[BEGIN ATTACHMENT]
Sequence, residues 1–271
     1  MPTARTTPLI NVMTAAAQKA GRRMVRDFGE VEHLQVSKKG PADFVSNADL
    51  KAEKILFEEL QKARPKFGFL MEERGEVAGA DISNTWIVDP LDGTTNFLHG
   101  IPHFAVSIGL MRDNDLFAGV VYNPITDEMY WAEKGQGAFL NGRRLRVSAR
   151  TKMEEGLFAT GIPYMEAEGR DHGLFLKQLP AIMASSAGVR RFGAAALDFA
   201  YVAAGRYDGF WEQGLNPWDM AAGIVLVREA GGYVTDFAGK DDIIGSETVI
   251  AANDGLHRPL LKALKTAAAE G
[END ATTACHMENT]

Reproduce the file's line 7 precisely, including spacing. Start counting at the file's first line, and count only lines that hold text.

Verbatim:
   251  AANDGLHRPL LKALKTAAAE G